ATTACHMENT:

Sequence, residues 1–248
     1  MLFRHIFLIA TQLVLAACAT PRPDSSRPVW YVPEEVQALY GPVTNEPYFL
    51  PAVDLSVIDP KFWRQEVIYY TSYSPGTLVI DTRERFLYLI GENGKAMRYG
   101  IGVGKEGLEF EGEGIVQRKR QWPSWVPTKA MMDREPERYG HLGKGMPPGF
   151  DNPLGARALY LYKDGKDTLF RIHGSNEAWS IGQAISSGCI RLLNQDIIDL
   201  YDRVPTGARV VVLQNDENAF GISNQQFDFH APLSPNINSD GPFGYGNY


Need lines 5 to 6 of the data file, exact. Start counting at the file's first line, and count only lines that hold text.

   151  DNPLGARALY LYKDGKDTLF RIHGSNEAWS IGQAISSGCI RLLNQDIIDL
   201  YDRVPTGARV VVLQNDENAF GISNQQFDFH APLSPNINSD GPFGYGNY